In 1932 Dellinger’s crews excavated the Edens Bluff Shelter in Benton County, Arkansas, along the White River. Among the other interesting artifacts found at the site was a bag of seeds. This woven bag contains about a liter of seeds from a domesticated but now extinct starchy-oily seed plant called Chenopodium berlandieri subsup jonesianum (goosefoot), and smaller amounts of an unidentified Asteracae. Today the wild ancestor of this lost crop, Chenopodium berlandieri, can be found growing along riverbanks and field edges across much of North America. This was a plant first collected by Native American hunters and gathers and domesticated independently in Eastern North America in the Late Archaic and later in Mexico. It is related to quinoa (Chenopdium quinoa) which has recently become popular again, and while the Eastern North American domesticate went extinct, the later Mexican domesticate Chenopdium berlandieri sup. nuttallie is still an important crop. A radiocarbon date of approximately AD 20 was obtained on a sample of seeds from this bag. The dates for this sample are comparable in type and age to chenopodium found in sites in Kentucky and Alabama.
The bag itself is an example of twining; the process of making a textile by twisting two cords or elements around each other in between successive elements that make up the “warp” of the textile. In the case of the Edens Bluff bag, the “warp” elements are unspun bunches of the vascular bundles processed from the leaves of Eryngium yuccifolium (rattlesnake master), while the twining elements have the same characteristics as retted inner bark of the Pawpaw (Asimina triloba) tree. This specific type of textile, common from Early to Middle Woodland in the Ozark Plateau, has a dense surface with few opening between the elements, making it well suited for the creation of bags to transport and store small seeded crops. The ancient farmer who filled the bag with seeds also stuffed a small amount of loose rattlesnake master fiber into the top before pulling the drawstring closure tightly shut to keep the tiny seeds from spilling out.
Paleoethnobotanists study the use of plants in human history. They are particularly interested in where, when, and how humans went from gathering wild plants to selecting and changing plants through domestication, and how this transition changed societies. Native American hunters and gatherers knew a lot about wild plants and began to select and encourage plants with particular traits. For example, grains with larger seeds or a thinner outer seed coat would be an easier food source to process and more reliable to cultivate. Paleoethnobotanists can track these changes through time and tell if a plant found archeologically has been altered by human selection to the point that it has become domesticated. They can also track these changes, as well as different varieties of the same plant, geographically to trace its movement through trade or diffusion.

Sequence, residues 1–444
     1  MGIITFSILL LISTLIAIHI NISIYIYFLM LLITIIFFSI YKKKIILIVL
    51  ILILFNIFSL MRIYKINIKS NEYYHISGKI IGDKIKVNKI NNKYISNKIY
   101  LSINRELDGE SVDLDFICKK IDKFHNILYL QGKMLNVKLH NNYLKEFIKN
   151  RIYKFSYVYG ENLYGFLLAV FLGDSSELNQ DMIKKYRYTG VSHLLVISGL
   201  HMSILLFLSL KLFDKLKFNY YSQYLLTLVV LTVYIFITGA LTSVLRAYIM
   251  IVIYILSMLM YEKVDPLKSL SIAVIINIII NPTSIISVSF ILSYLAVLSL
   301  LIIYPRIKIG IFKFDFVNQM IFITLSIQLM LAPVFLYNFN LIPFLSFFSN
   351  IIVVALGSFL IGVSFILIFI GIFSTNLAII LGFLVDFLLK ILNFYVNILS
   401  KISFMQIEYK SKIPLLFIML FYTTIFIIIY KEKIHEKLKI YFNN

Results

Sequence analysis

This bag of seeds from Edens Bluff tells us a small piece of the story of plant domestication in southeastern prehistory. This is one of many samples of chenopodium found in bluff shelter sites in the Ozarks. Bluff shelters contain large samples of seeds from single storage events and because of dry conditions the seeds, and frequently their storage containers, are well-preserved. On an open archeological site carbonized seeds can be recovered through special collection techniques but the burning events that lead to their carbonization damages and alters the shape of the seeds. Large samples found in bluff shelters not only allow us to see these important crop plants unaltered by carbonization, but as the study of ancient DNA and genomics improves, even trace their genetic histories from wild resources to crop plants. All of this helps piece together the story of when and where particular plants were being domesticated and how this changed the course of human history.
A first principle of archeology is that the significance of artifacts depends upon documented information about the context of their discovery. At what site was the artifact found? Can we figure out the age of the artifact? Where was it found in relation to site features (houses, trash deposits, activity areas, etc.) and the distribution of other artifacts? Only with knowledge of those facts can we assess further information about the manufacture and use of artifacts, and their role in other spheres of activity such as social organization, trade and exchange, and religious practice.
In this series, we feature select artifacts that are extraordinary both for the context of their discovery and for their unique qualities that contribute exceptionally important information about Arkansas culture and history. New artifacts will be added monthly throughout 2018. Find the list of artifacts here.